MPs call for national parenting support programme

Adam Offord and Derren Hayes
Tuesday, March 24, 2015

There should be national co-ordination of parenting support with local authorities playing a more active role in evaluating provision in their area, a parliamentary inquiry has concluded.

The inquiry into parenting and social mobility recommends the creation of a universal parenting programme that is available to all parents across the UK and which is delivered on the ground by public, private and voluntary sector organisations sharing resources and expertise.

The inquiry's report, published today and written by the Family and Childcare Trust, claims that while parenting programmes that target specific problems and disadvantaged groups are well evidenced, they "will not of themselves increase national parenting capability". It recommends that the government "accommodates" existing trials of parenting support campaigns before rolling out a UK-wide scheme.

In addition, the report calls for a new statutory duty to be placed on local authorities to carry out a strategic needs evaluation for family support services in their area. It says such data should be easily collected and not place an "undue burden" on authorities.

According to the inquiry, the new duty is needed because only a small number of authorities currently regularly monitor and evaluate parenting support services in their area.

The report states: "Only by having this information can effective and tailored parenting support campaigns be successfully devised. To move forward, it would be a positive development if all authorities were required to conduct such an evaluation and report to central government. This information would be intensely helpful in the creating of new parenting support campaigns that meet the needs of distinct areas."

Other recommendations include the creation of a cabinet-level minister for families working across government departments; for government to provide councils with best-practice guidance on developing parenting support programmes; and for early years services to actively engage fathers and promote the participation of men in the early years workforce.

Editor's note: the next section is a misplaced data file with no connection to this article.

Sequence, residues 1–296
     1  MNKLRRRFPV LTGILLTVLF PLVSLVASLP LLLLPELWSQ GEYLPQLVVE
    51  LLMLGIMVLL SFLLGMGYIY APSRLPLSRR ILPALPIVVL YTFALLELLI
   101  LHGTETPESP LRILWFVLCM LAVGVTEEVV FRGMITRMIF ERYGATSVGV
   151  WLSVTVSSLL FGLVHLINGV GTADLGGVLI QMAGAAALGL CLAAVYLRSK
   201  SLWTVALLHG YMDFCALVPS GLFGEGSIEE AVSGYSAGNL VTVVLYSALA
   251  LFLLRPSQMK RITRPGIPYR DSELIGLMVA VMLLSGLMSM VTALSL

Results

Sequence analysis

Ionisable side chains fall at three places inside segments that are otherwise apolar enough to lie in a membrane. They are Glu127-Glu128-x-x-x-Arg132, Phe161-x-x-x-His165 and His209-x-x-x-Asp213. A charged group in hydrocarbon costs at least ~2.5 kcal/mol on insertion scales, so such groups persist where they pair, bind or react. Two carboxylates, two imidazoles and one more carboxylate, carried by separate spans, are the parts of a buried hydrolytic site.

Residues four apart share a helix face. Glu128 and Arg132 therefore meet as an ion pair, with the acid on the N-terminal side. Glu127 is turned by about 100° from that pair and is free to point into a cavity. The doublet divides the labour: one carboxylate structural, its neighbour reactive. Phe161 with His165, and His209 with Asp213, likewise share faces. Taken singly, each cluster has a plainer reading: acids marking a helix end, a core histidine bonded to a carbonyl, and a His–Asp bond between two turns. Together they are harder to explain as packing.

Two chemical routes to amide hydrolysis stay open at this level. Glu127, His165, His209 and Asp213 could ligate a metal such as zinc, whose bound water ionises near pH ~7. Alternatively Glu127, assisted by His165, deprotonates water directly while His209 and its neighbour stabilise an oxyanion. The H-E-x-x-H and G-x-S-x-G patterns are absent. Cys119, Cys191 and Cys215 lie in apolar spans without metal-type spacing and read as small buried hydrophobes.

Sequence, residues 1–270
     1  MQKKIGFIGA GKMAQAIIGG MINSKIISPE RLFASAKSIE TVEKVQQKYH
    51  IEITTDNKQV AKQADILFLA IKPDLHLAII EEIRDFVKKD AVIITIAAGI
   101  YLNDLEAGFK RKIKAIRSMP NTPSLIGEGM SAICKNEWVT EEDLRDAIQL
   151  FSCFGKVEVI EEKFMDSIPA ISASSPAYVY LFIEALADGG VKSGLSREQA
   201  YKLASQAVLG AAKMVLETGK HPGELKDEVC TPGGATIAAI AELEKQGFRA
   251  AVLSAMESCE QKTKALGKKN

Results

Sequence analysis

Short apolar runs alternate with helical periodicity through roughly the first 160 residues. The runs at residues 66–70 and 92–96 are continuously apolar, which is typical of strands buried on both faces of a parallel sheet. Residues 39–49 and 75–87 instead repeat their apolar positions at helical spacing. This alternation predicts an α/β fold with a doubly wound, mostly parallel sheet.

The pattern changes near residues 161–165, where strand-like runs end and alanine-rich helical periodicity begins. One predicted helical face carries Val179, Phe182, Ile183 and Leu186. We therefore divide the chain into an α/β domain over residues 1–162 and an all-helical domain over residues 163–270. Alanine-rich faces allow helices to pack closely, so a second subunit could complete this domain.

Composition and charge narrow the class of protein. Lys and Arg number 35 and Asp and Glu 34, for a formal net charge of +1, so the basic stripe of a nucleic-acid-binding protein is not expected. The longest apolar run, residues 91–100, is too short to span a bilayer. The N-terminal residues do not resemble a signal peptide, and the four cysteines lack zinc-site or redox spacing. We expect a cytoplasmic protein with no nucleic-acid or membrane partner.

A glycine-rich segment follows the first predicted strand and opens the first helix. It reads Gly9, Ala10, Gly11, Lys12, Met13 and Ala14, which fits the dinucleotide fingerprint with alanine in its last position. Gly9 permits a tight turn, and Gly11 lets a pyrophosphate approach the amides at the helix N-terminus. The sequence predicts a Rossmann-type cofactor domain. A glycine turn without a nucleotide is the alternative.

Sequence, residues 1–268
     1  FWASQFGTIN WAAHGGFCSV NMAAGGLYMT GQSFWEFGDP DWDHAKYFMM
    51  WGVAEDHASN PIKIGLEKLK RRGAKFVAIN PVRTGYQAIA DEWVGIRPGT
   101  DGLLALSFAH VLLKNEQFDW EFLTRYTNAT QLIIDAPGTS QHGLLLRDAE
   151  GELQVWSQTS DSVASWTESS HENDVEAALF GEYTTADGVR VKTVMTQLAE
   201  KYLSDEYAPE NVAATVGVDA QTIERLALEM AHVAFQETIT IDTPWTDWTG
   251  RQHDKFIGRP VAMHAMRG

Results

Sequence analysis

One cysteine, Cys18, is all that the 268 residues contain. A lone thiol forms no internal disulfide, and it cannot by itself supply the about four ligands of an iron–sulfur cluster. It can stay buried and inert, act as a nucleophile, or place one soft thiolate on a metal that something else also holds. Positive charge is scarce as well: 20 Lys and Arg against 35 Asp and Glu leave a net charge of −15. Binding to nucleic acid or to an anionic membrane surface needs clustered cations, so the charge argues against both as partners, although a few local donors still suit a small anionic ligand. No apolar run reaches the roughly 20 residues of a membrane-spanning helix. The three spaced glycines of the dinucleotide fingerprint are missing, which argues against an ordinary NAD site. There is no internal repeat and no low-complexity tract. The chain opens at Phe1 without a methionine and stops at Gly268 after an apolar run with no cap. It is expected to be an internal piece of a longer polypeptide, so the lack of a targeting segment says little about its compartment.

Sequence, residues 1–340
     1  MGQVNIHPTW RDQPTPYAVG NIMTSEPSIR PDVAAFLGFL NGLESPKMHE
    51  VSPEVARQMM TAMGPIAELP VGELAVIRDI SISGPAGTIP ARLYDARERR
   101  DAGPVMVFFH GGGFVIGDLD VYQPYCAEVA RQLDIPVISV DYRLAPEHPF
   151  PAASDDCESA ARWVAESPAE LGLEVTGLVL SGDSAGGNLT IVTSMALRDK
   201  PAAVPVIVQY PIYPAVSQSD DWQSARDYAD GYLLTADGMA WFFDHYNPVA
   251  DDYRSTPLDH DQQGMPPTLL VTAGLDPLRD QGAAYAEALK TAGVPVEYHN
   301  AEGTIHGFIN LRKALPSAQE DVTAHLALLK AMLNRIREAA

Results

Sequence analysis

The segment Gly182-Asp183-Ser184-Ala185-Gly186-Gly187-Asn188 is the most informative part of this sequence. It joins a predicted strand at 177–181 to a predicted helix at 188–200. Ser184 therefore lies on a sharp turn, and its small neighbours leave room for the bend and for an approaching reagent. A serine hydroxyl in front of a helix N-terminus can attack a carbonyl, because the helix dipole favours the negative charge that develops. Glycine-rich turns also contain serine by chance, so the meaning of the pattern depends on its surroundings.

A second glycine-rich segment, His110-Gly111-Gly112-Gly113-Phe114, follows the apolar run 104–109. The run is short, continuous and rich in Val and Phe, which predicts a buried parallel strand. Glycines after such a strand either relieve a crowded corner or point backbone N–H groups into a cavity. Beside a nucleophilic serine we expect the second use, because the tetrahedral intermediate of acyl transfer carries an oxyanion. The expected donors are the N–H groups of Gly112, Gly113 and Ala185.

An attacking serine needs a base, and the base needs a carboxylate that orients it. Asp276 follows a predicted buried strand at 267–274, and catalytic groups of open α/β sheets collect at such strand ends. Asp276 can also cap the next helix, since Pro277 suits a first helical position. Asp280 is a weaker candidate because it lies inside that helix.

Baroness Claire Tyler, chair of the inquiry, said: “We want to see any incoming government encourage early years services to actively engage fathers by promoting activities that are accessible to them, and by supporting greater participation of men in the early years’ workforce.

“Effective parenting has a bigger influence on a child’s life than income, class or education, and for too long fathers have been woefully neglected by local and national government in the narrative about children’s early development. This needs to change.”

The report also recommends that the "family test", which promotes and supports strong family bonds be built upon, because strong bonds are at the base of good parenting.

It calls for the strengthening of the test, to ensure the government supports all families, with an effective family test process set out at key periods such as spending reviews and the annual Budget.

It also suggests that the government design, fund and promote a UK-wide “fathers and children” reading campaign that is implemented by councils.

The cross party inquiry, which held evidence sessions and took written evidence, was carried out by the all-party parliamentary group on parents and families, and the all-party parliamentary group on social mobility.

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